* Next session will be winter 900AD, so that’ll be interesting. The Man made the right call taking the Thralls move for his first upgrade: combined with a sudden windfall of sheep, they’ll scrape by. Interested to see what everyone else does with their winter option, because I could legitimately see all of them (retire/die, new character, change playbooks, new relationship) as good choices for anyone.

I have no idea how long we’re going to play but so far so good.

Hope y’all have a great February. Stay sane.

0 thoughts on “Sagas of the Icelanders: Episode 4”

  1. So are you playing with fronts at all? I know SotI has a cool Norse pinwheel for where to put… ‘problems’ on. The way you’re adding one more element feels like fronts, but I think that might just be your instincts for raising the stakes?

    How is the Relationship map feeling? I can’t remember, but did you have a R-map for your Mutant Year: Zero games? Just curious how you feel about it as a tool for long term campaigns.

    The idea to bring the rest of her family to the scene seems natural if you’re staring at a family tree, and wondering where the rest of her family is.

  2. Fronts: uhhhh not really. They’re inspirational. Honestly the fronts/threats worksheets are not well structured, to my eyes. Folks seem to love them! But I haven’t been able to really use them formally. Like I said, inspirational.

    The r-map is fucking awwwesome. I’ve been updating it every session, I’ll post the series as it stands now.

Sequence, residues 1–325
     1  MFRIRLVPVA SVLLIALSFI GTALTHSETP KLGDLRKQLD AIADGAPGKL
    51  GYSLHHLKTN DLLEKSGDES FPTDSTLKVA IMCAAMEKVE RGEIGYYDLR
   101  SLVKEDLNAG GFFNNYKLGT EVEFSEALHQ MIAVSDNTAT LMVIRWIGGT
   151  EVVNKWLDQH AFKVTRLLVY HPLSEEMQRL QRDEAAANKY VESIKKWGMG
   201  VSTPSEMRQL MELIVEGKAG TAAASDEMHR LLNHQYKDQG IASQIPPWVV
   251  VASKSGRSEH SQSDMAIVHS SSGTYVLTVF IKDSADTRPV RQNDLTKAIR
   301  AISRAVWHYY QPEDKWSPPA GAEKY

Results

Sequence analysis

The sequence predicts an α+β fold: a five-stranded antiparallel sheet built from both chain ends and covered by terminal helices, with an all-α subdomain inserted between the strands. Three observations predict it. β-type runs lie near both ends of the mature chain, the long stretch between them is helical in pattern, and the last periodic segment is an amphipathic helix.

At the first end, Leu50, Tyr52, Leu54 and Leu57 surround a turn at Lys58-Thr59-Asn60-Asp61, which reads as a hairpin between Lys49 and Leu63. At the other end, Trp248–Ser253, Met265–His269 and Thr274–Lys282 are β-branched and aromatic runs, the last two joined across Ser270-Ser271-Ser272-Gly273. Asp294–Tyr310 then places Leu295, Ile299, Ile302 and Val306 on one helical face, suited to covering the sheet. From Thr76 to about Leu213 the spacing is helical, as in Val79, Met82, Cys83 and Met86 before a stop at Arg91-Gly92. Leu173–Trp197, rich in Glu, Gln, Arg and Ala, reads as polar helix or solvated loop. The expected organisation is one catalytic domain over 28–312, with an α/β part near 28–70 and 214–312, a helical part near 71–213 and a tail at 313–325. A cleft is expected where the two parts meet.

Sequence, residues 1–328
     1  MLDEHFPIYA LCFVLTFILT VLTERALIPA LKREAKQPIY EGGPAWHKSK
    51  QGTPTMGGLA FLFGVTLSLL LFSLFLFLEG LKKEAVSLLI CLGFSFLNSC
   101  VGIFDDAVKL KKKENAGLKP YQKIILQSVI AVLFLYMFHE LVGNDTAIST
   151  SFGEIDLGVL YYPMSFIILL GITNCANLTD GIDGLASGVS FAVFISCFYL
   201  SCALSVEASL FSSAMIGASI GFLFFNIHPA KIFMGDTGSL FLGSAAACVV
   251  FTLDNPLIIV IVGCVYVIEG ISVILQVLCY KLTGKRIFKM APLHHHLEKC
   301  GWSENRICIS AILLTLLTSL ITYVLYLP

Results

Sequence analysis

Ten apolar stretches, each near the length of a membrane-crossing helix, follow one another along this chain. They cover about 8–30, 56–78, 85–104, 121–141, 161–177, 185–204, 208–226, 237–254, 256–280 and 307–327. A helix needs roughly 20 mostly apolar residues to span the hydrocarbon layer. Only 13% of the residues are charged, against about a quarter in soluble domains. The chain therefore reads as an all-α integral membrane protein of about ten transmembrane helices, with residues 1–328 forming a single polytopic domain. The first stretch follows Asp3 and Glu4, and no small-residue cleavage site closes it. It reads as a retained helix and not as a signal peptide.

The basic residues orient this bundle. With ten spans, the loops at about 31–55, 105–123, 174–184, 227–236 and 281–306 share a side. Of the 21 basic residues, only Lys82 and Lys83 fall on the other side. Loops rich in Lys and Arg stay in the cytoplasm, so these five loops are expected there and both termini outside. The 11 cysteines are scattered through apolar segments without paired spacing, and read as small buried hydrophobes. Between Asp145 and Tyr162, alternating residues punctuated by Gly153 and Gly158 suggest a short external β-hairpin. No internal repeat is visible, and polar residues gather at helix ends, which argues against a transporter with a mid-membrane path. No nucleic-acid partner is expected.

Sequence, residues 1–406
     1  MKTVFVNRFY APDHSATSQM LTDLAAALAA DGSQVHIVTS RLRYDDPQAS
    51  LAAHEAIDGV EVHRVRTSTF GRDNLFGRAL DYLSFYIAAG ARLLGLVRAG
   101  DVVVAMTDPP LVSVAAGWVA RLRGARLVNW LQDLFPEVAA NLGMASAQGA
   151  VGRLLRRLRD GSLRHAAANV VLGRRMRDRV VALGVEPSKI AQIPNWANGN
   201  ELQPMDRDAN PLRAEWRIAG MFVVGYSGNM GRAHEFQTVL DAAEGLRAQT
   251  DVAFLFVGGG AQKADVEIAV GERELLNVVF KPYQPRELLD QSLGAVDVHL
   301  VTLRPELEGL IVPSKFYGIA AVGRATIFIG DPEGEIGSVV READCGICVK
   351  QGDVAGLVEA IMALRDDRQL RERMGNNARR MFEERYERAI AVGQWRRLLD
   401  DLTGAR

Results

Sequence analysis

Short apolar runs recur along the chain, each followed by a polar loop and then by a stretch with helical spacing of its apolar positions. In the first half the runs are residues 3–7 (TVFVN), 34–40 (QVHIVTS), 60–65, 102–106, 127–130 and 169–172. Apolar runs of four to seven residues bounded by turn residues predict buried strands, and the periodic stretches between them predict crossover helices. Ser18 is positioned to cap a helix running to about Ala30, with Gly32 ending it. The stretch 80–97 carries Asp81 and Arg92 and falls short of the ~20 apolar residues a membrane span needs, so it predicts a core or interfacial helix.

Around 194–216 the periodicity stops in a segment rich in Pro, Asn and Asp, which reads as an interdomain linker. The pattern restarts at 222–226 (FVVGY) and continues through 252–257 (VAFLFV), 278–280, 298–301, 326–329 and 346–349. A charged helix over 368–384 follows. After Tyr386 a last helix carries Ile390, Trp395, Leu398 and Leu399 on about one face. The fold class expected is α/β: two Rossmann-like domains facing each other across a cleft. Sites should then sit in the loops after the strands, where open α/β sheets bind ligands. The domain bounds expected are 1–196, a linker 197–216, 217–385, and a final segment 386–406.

Re the family: right? That was a big reason I transitioned from a blobby r-map to more formal family trees. There are three of them on the map now, and more will be added. The Man’s (npc) wife’s family, for example, needs to make an appearance soon. Maybe not in the middle of winter — our next session — but in the spring perhaps. Just in time for calamity.

  3. Paul Beakley I actually really like the fronts sheet more than other games! Not the hexagon, the one with columns. “The land and the sea” and “powerful people” and whatnot. I slap some names into those columns and have some moves that help me decide how they act.

    I like the hex in theory, but just don’t really use it.

  4. I did up a “Threat Moves” sheet — that’s the one with the columns — for the second session and haven’t done them since.

    Sagas reminds me of Urban Shadows in that those sub-moves are really hard for me to grasp as moves. They feel more like inspirations than discrete moves. Like…on a miss, I just have a very hard time with “act in secret” as a formal directive. It’s on a totally different scale than “separate them” or “announce future calamity” or whatever.

    I do kind of like that the God fronts’ moves are meant to flavor and color whatever other move is about to take place. That I think I’ve internalized. I haven’t formally divvied up my NPCs among the six fronts, and I suppose I could, but whatever. I do almost always look back at the pinwheel after a session and post-hoc split up my NPCs: so-and-so exhibited stubborn pride, yup. I think I’ve just got the vibe thoroughly internalized at this point.

  5. Paul Beakley totally agree on them being inspirational, but I feel that inspiration is important for sticking to the genre.

    I think we use these things similarly – not as actual moves, but as coloring for the actual moves.

  6. I could see going through the threat sheet process again, see if combinations of gods/fronts + threat meta-moves shakes anything loose.

    What I know I’m totally not doing is constraining the sessions to one or two fronts. I’m sure it would help maintain a tighter thematic focus but that doesn’t seem important for our game.